Literary Giant, Iconic Author & Star Trek / Sci-Fi Legend Harlan Ellison Passes Way At 84! RIP

Literary Giant, Iconic Author and Star Trek / Sci-Fi Legend Harlan Ellison Passes Way At 84! RIP


      Harlan Ellison Dead: Legendary ‘Star Trek’, ‘A Boy And His Dog’ Sci-Fi Writer was 83

      Harlan Ellison, one of the world’s foremost science fiction writers, has died at 83. His death was announced by a family friend via twitter.

      “Susan Ellison has asked me to announce the passing of writer Harlan Ellison, in his sleep, earlier today. “For a brief time I was here, and for a brief time, I matter.’ – HE, 1934-2018. Arrangements for a celebration are pending.”

      Among Ellison’s highly influential and very popular novels and novellas are 1969’s post-apocalyptic A Boy and His Dog (made into a 1975 cult film starring a young Don Johnson) and, among the very many short story collections, 1980’s Shatterday, which included the remarkable title story.

      Among Ellison’s Hollywood work was the screenplay for the non-sci-fi The Oscar, starring Stephen Boyd, and he also wrote for such TV shows as The Flying Nun, Route 66, The Outer Limits, Star Trek and The Alfred Hitchcock Hour.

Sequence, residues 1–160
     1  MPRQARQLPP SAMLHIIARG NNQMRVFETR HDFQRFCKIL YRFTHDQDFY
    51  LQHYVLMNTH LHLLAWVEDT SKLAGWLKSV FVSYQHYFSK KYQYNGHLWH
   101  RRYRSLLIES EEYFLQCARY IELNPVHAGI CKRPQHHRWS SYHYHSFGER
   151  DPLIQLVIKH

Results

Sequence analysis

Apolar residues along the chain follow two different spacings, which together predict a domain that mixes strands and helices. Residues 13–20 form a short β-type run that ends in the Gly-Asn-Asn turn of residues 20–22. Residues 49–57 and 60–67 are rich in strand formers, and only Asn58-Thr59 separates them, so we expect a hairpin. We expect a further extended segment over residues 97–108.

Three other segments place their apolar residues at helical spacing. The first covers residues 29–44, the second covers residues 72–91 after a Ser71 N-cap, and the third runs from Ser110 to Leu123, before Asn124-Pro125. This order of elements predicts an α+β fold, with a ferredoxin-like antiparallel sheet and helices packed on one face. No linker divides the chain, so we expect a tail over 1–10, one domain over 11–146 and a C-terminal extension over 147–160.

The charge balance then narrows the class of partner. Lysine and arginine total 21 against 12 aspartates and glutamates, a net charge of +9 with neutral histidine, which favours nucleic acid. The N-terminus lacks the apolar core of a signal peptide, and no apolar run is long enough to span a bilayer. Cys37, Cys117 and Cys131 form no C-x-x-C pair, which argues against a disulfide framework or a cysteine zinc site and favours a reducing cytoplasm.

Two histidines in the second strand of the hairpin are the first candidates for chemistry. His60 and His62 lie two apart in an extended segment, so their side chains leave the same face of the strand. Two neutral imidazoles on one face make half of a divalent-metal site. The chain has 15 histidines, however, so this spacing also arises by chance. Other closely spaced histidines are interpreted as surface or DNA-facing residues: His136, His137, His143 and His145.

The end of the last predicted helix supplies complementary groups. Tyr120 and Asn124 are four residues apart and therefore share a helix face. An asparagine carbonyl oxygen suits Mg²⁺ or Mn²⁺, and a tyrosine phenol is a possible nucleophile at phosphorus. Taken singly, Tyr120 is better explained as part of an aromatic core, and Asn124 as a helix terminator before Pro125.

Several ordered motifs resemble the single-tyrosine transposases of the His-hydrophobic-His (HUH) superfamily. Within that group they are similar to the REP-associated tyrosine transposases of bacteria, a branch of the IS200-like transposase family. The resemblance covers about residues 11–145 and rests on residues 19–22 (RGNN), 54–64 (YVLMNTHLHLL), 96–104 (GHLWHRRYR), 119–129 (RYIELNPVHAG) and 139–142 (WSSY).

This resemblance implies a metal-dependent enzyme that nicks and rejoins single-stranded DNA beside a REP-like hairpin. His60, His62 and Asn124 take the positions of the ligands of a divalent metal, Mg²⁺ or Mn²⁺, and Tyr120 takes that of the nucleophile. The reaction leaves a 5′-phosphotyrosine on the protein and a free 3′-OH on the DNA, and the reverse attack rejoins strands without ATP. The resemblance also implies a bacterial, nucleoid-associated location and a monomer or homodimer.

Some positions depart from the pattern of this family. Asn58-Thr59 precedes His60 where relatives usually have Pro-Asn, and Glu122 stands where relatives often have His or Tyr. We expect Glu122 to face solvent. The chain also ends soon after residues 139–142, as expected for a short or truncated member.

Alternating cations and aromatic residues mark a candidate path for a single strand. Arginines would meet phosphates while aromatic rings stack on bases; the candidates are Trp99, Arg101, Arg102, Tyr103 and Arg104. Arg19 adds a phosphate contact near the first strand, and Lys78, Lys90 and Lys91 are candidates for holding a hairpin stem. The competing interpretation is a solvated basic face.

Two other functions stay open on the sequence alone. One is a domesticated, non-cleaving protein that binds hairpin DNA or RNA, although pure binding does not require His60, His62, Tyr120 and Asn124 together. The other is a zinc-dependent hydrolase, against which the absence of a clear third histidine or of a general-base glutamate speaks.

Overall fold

Ellison’s Star Trek episode, The City on the Edge of Forever, is often cited as among the original series’ very best. Ellison himself was no fan of the end result, though, often complaining about rewrites.

      The writer also was a creative consultant to both the 1980s Twilight Zone reboot and Babylon 5.

      Biography A Lit Fuse: The Provocative Life of Harlan Ellison by Nat Segaloff was published last year.

      Among the many awards won by Ellison are multiple Nebula, Hugo and Edward awards, along with Edgar Allen Poe and Writers Guild of America trophies.

      Along with the Star Trek episode, Ellison’s 1964 Outer Limits installment Demon with a Glass Hand is widely considered among the best of series. The bizarre, uncanny episode starred Robert Culp as a man who wakes with no memory but an apparently all-knowing glass hand.

      His 1964 episode of The Alfred Hitchcock Hour, “Memo From Purgatory,” starred a young James Caan as a writer who goes undercover to write about violent youth gangs of Brooklyn.

On behalf of the Inside Pulse and Comics Nexus family, I’d like to offer our condolences to the family, friends and fans of Harlan Ellison. His work will endure, but he will be missed.

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